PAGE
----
Religions worthy of the calling must intelligently and courageously support the eternal moral struggle. This is the perennial struggle –
(a) against evil (yes, evil is not mere sinfulness – real evil exists in the world as an active, malevolent presence, and we cannot define it away or deny it)

(b) for civilization (yes, religion needs to be a conscious, intelligent ally of civilization) and

(c) for human life (locally and writ large).

Religions worthy of a 21st century calling, must proactively and joyfully welcome and support human creativity in all its life affirming and intelligence respecting manifestations.
Religions must confidently and lovingly support right relationships with our family, neighbors, descendants and our future selves, with our civilization and its future iterations, with our creative potential and with the Holy One.

These goals help answer the “ultimate utility questions” of the type, “Why have religions, anyway?” We who are allies of the viable religious institutions need to be able to clearly answer the ultimate “utility questions” – both to each other and to the world outside: Why are religions really here? Why, if they weren’t here, would they have to be reconstituted? If they aren’t yet what they are supposed to be, why not? Why, if they are to become more relevant, why not now?

We who take up this calling need to understand that the relevance question transcends religion, denomination, sect and even the religion–secular humanist divide. No civilization owns the moral infrastructure common to all well functioning civilizations. No religion or sect can claim to own any particular religious-spiritual insight or method.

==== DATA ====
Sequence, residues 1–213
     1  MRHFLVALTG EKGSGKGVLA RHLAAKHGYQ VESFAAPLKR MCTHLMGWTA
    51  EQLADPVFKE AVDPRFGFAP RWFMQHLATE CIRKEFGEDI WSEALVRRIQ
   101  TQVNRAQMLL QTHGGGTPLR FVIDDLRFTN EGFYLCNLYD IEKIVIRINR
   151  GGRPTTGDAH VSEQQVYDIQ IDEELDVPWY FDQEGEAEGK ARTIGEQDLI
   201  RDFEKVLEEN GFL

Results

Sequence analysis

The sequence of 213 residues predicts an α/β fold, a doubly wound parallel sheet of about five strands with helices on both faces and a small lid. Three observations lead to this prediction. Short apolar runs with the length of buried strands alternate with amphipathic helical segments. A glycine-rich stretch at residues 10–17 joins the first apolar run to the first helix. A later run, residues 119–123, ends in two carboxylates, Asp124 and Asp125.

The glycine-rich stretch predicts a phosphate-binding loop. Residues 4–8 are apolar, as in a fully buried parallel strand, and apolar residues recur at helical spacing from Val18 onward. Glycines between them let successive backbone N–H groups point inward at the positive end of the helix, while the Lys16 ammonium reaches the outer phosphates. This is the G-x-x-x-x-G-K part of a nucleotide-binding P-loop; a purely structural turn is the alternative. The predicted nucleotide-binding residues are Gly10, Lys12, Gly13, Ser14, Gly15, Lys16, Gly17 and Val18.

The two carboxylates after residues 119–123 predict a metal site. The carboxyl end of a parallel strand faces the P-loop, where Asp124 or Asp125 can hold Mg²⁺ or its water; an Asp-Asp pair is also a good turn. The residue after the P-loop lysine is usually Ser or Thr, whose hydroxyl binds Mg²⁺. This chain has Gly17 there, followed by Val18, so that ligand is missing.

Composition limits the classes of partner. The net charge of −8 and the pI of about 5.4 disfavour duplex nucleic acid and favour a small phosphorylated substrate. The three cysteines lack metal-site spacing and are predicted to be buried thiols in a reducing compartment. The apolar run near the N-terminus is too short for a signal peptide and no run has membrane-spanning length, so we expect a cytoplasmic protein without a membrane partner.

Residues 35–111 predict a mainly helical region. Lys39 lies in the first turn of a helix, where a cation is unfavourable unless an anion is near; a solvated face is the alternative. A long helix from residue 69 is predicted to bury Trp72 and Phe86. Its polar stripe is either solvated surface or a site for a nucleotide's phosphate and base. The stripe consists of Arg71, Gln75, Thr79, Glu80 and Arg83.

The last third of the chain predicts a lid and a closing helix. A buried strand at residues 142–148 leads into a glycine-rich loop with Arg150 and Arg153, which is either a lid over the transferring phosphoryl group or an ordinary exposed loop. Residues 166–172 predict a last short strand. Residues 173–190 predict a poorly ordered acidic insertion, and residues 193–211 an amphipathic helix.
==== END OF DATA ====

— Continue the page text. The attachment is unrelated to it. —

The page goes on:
Seen in a universal context, the classic Trinity of Christian origin can and should be understood to transcend Christianity itself. I suspect that most practicing Christians can do this without surrendering the deeply particular – that historically rooted memory of divinee providence as it entered First Century Palestine and changed the world.

When we – anyone, Christian or Jew, Muslim or Buddhist, Hindi or Pagan – are able discern the great universal as it lives and moves in the holy particular, we are also able to see how each enriches each – and that neither diminishes the other.

Far too much holy blood has been spilled in the illusion that my holy inspiration came from a separate and antagonistic source from yours, or that the creator plays favorites.

The Moral Foundation Trinity

The larger moral unity is found in a truly fundamental trinity –

in the reverence for and affirmation of life, especially human life;
in the affirmation of reason – seen as including logic, creativity and compassion;
and in the love and joyful affirmation of ongoing creation, especially the human creativity that serves life and reason.
All of the civilization-supporting principles, precepts and rules are implied from the great moral trinity in the same way that laws imply adjudication and implementing procedures.

A Traditional Trinity to be Shared

In this connection, the “Father, Son and Holy Ghost” trinity of traditional Christianity can be understood to encode a universal nom-sectarian spiritual perspective, just as the Torah encodes its summary in a version of the Golden Rule as announced by Hillel the Elder.